"It never gets any easier. You just go faster." ---Greg Lemond
"Don't buy upgrades. Ride up grades." --- Eddy Merckx
"You drive like shit." ---The Car Whisperer



A change in the angle you look at the painting. Adjusting the equalizer a bit. Or hearing somebody else's side of the story. Otherwise known as a change in perspective.

How many ways has my first week of unemployment been the best week of my life? The more I think about it, the more way I count.

First, just seeing the neighborhood during the day again. Seeing the crazy homeless woman screaming profanity that would make a sailor blush at the Sun-times hawker as she muscles her shopping cart halfway onto the curb. Halfway on, halfway off, she turns around to shoot out a giant, bloody loogie at the paper guy. But, the wind catches it, sending it onto the hood of the car waiting at the light. I looked at it's driver, but he just half-smiled at me and sat there. David himself wouldn't have dared sling so much as a pebble at that woman.

I have too long been only down on the Mag Mile during the day, surrounded by waddling tourists and sweating suburbanites looking for absolutely nothing new or out of the ordinary. And the Mag Mile obliges. It's safe, flat, with pretty colors and nothing is scary. Rarely, at least. But in the depths of Chicago's neighborhoods during the daylight hours lurks inspiration that will take you to dizzying heights and depressing lows, all in a single block.

At 6:30 am yesterday morning, after my 5am team time trial practice ride, I sat at the Starbucks (safe as well, I know, but after a 90 minute ride at near 90% - all before the sunrise - I need some familiarity) at Irving and Damen, eating some yogurt and sipping coffee before my massage appointment. I was chatted up by a couple of half-drunk gents, red- and rheumy-eyed, about my bike.

"That's a nice bike man." I'd brought it in the entryway since I had no lock. "I used to be pretty into bikes, man. I was pretty good."

"Shut up. Yer no good at nuthin'," replied his bearded, grizzly friend, who looked to be 50 going on 80. "Can't even make love to a woman right." With these guys it was lines straight out of a Clint Eastwood movie from the '70's with an orangutan as the supporting actor.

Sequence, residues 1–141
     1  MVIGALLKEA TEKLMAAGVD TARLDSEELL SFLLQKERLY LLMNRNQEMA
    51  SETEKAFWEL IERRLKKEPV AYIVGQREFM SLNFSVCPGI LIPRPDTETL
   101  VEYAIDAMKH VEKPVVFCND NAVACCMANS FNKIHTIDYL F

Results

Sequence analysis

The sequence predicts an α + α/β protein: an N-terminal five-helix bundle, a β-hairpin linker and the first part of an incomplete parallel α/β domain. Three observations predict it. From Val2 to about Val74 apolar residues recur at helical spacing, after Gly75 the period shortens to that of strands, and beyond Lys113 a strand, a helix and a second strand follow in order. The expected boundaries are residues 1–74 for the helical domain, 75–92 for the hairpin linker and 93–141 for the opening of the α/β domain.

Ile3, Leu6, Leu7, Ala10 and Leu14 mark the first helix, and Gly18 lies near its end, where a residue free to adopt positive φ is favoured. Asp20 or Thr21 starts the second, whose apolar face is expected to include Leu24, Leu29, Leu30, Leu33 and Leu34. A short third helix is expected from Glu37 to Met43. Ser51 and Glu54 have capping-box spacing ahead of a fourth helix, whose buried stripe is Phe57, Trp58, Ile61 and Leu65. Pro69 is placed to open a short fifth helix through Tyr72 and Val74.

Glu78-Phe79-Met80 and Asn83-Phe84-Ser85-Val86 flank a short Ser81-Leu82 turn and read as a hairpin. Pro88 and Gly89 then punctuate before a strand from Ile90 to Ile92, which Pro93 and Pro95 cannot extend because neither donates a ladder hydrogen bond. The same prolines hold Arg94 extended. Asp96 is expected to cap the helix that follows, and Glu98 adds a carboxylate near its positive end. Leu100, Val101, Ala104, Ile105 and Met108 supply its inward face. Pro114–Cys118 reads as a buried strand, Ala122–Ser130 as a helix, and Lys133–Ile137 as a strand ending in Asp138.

"Shut up, Dad." They then both shared a tender moment from a plastic vodka bottle.

It's also been the networking. I have three job prospects from friends and teammates. Yesterday I enjoyed dim sum at a restaurant I walked past for 3 years in Argyle and never went into before then. We sat, talked about the wine biz, ate fun rolls, and watched Caroline take pictures for her restaurant blog. We headed out afterwards for a little bit of the aroma of the neighborhood (and if you've ever walked between Broadway and Kenmore on Argyle you know what I speak of) and sights and sounds of the street's many grocery stores. Here's one that gives the gist (I've submitted this to engrish.com):

(It's some sort of grape flavored gummy.)
"It's translucent color so alluring and taste and aroma so gentle and mellow offer admiring feelings of a graceful lady."

Knowing that I am done with the advertising scene forever has filled me with a joy that constantly refreshes every few minutes. All it takes is one particularly bad commercial - KFC for example - or simply one of the ubiquitous pea-green LaSalle Bank taxi toppers slinking around the city to remind me it's all behind and in the past. One breath of fresh, sweet bus exhaust while St. Ben's strikes noon on a hot day to tell me everything has changed.

Finally, it really is, as I always say, teammates who make the difference. Being up at 4:30 and riding at 5am three times this past week has filled me with power, confidence, and an unbeatable spirit. It has carried into every phone call about my resume, every time I investigate another job posting, and certainly today in the stellar first interview for a job in the 'burbs.

Yes, the 'burbs. With a 20 mile ride on decent roads, I can get training on my morning commute. The benefits are spectacular, the best I've even seen, and I felt the interview couldn't have gone better. So hopefully I am getting a call early next week. Although, if I could land a little bar tending a couple nights a week to round out a bike shop gig, that would be absolute heaven. So if any-youse bike riding drinkers out there have a lead, please throw it my way. That is if you already have a job yourself.

I leave you with a few more pics from the week...

At the Cubs Game:

An old Beemer in Wicker Park:

In the Zoo:

Sundays Salmonfest:

Happy Birthday, Jan!

Midnight, and drunk, heading home from Evanston on California. Who needs health insurance?!

But up at 6am for a beautiful Labor Day. The turn-around point:

Uncle Rick and me at Erik's Monday BBQ:

And his hat was pretty popular:

And from today's interview excursion to Elmhurst:

1 comment:

sophie said...

Lookit you all dressed up for an interview! Any word yet? I should come visit you at the restaurant where you're working.